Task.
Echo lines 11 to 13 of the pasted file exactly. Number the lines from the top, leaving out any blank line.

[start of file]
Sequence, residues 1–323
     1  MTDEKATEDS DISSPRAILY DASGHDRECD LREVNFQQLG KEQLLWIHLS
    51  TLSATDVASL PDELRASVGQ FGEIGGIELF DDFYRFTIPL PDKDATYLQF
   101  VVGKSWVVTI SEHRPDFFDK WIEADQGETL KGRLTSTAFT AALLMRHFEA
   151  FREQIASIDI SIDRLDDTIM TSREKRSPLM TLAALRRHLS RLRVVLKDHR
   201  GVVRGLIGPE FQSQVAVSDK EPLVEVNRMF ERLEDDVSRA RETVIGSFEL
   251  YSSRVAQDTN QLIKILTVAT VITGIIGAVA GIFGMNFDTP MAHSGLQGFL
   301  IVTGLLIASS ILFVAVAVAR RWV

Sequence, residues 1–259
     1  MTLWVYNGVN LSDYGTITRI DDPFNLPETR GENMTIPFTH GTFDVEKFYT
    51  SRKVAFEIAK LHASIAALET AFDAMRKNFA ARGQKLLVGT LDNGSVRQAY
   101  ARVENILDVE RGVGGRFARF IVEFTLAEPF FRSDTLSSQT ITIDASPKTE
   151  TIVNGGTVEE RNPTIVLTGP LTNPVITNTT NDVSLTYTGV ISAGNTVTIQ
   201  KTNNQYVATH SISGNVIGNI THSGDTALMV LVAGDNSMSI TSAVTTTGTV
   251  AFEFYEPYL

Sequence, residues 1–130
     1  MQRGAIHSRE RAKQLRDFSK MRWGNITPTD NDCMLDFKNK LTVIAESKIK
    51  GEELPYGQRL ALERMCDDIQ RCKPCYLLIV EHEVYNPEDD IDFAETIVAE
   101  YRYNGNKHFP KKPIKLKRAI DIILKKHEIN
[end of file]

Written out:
    51  SRKVAFEIAK LHASIAALET AFDAMRKNFA ARGQKLLVGT LDNGSVRQAY
   101  ARVENILDVE RGVGGRFARF IVEFTLAEPF FRSDTLSSQT ITIDASPKTE
   151  TIVNGGTVEE RNPTIVLTGP LTNPVITNTT NDVSLTYTGV ISAGNTVTIQ